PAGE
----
It would be irresponsible of Teagasc to contemplate such a scenario as the organisation’s role is to underpin the Irish agri-food industry and no other agency has done more to achieve this. Each year Teagasc invests millions in agri-environmental research projects, which support the development of environmentally conscious farming methods and minimise the impact of farming on our water and soils. The proposed study is about quantifying the impact of a blight resistant potato on levels of soil biodiversity. By acting in this manner Teagasc is addressing the GM question in a responsible and contained manner that will not impact on existing crop systems and will not compromise Ireland’s world leading food export market.

Heritage seeds are important for genetic diversity. Creating clones of crops reduces this genetic diversity, and therefore evolution of the crop to cope with Irish conditions will not happen.

Genetic diversity is important as a source of useful genes in breeding programmes, but all varieties of potato are clonal, as they are multiplied from tubers rather than sexual reproduction, the variety we are proposing to test is no different to this. However this can be seen as a benefit because, as it is clonal, its potential to spread outside the confines of the managed environment of a field is restricted. Useful genes from heritage varieties (or wild relatives) can be used to produce new improved varieties of potatoes either through conventional breeding or more rapidly by developing cisgenic lines.

What scientific background do the scientists carrying out this trial hold? Have they worked with other agri-tech industries, and will one of the main industries be given the contract if the field trial ‘succeeds’?

The scientists involved in this study are qualified crop scientists with no affiliation to any industry. Since the GM research programme was started at Oak Park in 2002, Teagasc have not received, nor sought, any funding from either side in relation to the GM debate. The variety being tested is not from a biotech company but from publically funded research in Europe. There will be no ‘contract’ at the end of the study. The objective of this work is to quantify the environmental impact of a blight resistant potato compared to a conventional potato system and make that information publicly available so as to address the current knowledge deficit that exists for Irish-specific crops.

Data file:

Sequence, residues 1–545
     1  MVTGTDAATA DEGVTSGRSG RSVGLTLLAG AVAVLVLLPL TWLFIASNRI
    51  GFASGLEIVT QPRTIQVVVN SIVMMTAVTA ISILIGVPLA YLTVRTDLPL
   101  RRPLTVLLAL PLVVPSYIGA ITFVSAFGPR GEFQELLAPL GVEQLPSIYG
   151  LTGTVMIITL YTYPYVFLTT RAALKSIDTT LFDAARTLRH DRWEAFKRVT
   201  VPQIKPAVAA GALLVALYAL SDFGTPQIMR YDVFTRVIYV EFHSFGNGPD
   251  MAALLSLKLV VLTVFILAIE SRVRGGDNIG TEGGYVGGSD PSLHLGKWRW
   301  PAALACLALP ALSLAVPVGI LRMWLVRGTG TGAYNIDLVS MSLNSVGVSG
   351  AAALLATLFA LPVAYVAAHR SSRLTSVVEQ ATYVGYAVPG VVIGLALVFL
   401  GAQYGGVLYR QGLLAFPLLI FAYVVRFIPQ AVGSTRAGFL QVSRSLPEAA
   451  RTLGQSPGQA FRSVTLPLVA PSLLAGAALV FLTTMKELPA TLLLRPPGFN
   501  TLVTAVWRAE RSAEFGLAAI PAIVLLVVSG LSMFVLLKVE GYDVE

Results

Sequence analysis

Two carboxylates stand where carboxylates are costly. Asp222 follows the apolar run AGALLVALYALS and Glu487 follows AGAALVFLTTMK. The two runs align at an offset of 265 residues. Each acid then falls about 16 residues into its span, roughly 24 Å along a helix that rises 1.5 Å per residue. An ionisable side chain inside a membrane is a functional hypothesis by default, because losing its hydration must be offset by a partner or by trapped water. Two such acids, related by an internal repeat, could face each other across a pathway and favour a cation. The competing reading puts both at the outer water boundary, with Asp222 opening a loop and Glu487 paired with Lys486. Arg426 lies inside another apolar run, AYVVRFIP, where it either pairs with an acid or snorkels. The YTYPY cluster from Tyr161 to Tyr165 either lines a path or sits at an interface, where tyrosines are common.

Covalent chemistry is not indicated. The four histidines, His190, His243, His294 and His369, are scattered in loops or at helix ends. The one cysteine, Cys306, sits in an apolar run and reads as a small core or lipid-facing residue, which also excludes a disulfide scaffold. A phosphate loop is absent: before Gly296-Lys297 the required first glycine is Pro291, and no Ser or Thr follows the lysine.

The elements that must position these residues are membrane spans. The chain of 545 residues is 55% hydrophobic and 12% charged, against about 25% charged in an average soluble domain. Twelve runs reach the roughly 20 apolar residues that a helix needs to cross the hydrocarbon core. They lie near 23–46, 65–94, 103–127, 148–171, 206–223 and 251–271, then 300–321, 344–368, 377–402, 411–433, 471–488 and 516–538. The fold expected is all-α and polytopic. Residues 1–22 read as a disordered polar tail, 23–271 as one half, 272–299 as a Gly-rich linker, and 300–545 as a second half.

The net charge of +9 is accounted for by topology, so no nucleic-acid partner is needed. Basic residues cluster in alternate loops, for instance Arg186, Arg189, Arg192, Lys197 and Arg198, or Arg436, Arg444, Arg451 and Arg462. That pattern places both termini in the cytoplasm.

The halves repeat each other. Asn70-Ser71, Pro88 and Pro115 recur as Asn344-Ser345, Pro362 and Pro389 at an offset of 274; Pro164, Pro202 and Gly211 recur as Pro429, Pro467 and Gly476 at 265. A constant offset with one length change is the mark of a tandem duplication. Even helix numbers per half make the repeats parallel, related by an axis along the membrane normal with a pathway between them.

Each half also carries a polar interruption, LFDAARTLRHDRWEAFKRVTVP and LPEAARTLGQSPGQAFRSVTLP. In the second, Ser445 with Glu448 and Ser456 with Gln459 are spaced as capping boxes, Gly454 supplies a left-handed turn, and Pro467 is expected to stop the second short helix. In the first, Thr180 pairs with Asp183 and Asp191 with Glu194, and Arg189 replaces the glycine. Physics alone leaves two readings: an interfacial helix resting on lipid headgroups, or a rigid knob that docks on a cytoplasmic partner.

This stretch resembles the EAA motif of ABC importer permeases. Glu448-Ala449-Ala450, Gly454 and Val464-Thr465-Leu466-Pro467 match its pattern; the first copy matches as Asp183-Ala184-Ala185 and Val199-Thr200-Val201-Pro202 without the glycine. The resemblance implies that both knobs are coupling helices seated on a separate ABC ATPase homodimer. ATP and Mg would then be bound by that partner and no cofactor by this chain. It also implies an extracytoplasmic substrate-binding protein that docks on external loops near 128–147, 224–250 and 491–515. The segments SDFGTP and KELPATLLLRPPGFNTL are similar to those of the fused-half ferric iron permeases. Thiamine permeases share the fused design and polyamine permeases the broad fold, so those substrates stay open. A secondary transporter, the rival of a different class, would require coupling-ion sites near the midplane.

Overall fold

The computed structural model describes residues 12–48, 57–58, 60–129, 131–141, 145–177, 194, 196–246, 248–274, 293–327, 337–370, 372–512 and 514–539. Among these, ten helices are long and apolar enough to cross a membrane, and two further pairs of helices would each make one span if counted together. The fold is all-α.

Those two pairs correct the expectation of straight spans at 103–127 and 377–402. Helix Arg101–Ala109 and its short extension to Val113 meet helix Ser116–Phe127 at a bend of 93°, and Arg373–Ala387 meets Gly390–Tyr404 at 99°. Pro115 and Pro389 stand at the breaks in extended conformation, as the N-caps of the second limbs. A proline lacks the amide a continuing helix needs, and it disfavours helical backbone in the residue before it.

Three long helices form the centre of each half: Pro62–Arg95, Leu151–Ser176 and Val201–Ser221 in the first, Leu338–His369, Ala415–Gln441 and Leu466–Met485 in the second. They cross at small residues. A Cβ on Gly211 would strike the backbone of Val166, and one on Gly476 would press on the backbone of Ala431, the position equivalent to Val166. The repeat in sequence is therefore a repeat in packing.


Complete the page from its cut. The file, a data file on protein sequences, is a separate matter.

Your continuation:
In the USA, organic standards have been weakened due to the contamination by GM pollen (which now allow up to 2% GM in their crops). Although I understand this will not happen with GM potatoes under this trial, if they do get to the market, these potatoes will go to seed, and they will contaminate heritage varieties, so our organic standards will be compromised.

There is no commercial interest in this project and Teagasc is not in the business of developing GM crops for commercialisation. In regards to the coexistence of GM and non-GM potato systems, we have researched this with the goal of designing crop strategies to preserve the genetic integrity of non-GM potato crops. Coexistence is possible for potato due to the biology of the crop but there must be adequate regulatory measures put in place by the Irish competent authorities to ensure that it is maintained. As outlined above potato varieties are preserved through the clonal propagation of tubers, as soon as a potato variety sets true seed the resulting plants are no longer the variety you started with, whether they cross with a GM or another conventional variety. The use of GM varieties would not therefore alter the risk of loosing heritage varieties compared to what we have lived with since potatoes varieties were first bred by man.

What are the details of the genetic constructs used to generate the GM potato?

This information has been included in the Teagasc submission to the EPA and is available at www.epa.ie.

Why is Teagasc spending taxpayer’s money on this research?
This project is funded through the European Framework 7 programme and the Irish study is part of a larger EU project. Entitled ‘AMIGA’ (Assessing and Monitoring the Impacts of Genetically modified plants on Agro-ecosystems), the project has 22 partners from Research Centres, Universities, State Agencies and SMEs across 15 EU countries. The main objectives of AMIGA are to:

• Identify suitable bio-indicators that permit a better integration of GM field experimentation across specific agricultural ecosystems in the EU,
• Deliver an improvement of knowledge on potential long-term impacts of specific GM crops,

It is important to note that the alternative to public-funded research is to wait for privately funded programmes to deliver the research assessments. While that work may be scientifically sound, it cannot claim to be impartial and as such would not contribute constructively to the public’s desire for unbiased information on this matter.